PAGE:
The Apple Watch and iPhone could have some medical-related uses, according to the findings of a new study.
As spotted by MyHealthyApple, a recently published study (conducted from 2018 to 2019) by University of Stanford researchers found that with the VascTrac app, the devices were able to provide an accurate assessment of “frailty” (defined by the study as walking less than 300 meters on an in-clinic 6-minute walk test) in cardiovascular patients.
In a supervised in-clinic setting, the Apple Watch and iPhone yielded a sensitivity and specificity result of 90% and 85% respectively. When taken outside the clinic with an unsupervised setting, the results were 83% for sensitivity and 60% for specificity.
“Passive data collected at home were nearly as accurate at predicting frailty on a clinic-based 6MWT as was a home-based 6MWT, with area under curve (AUC) of 0.643 and 0.704, respectively,” said the study. The study also said that the lower accuracy in home settings was likely to be a result of different walk test conditions than device accuracy, and that 84% of the patients involved completed the full study despite the patient population having a lower tech literacy.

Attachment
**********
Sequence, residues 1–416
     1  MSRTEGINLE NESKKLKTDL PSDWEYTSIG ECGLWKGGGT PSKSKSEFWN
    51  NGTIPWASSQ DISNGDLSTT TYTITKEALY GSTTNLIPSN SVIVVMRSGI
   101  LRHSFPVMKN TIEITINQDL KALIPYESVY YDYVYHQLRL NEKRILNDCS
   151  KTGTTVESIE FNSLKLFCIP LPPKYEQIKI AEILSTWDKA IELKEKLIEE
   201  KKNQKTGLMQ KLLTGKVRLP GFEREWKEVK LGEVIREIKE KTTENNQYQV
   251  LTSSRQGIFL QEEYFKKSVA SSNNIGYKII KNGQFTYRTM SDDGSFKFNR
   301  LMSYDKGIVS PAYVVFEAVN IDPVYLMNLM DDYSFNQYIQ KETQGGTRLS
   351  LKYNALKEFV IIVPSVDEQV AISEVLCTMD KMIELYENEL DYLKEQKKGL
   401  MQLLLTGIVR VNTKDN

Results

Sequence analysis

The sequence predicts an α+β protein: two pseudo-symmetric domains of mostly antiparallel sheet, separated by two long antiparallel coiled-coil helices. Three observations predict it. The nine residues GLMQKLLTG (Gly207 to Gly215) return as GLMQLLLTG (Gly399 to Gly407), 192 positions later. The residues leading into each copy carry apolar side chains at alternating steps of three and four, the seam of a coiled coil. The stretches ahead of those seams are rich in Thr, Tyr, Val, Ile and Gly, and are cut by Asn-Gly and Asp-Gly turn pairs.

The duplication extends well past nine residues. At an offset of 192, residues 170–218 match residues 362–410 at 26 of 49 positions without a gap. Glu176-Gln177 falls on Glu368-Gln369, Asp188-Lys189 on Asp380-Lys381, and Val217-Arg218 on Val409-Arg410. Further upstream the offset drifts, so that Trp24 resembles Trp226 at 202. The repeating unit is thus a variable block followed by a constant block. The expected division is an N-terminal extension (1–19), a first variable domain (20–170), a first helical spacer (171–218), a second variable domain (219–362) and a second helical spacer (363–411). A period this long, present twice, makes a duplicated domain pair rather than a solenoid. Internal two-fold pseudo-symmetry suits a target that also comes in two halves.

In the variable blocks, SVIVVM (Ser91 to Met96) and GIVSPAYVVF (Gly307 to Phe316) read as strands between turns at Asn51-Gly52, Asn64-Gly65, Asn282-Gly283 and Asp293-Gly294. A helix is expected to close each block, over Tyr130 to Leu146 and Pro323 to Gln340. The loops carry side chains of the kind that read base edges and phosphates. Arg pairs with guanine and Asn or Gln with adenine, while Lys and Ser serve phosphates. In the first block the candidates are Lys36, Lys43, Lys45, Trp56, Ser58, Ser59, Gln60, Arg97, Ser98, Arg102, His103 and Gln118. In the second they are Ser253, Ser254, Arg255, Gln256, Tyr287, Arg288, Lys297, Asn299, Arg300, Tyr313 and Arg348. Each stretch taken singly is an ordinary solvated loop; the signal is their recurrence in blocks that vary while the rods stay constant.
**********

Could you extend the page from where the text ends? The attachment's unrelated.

The study noted its “small sample size and lack of demographic diversity” as drawbacks. However, it concluded, “While the benefits of telemedicine and remote monitoring—convenience, low cost, improved data quality—have been postulated for some time, the COVID-19 pandemic has made accelerated implementation a safety imperative. In this study, we showed that smart device-based measurements, including both a 6MWT and passively collected activity data, provide clinically accurate and meaningful insights about functional capacity in patients with CVD."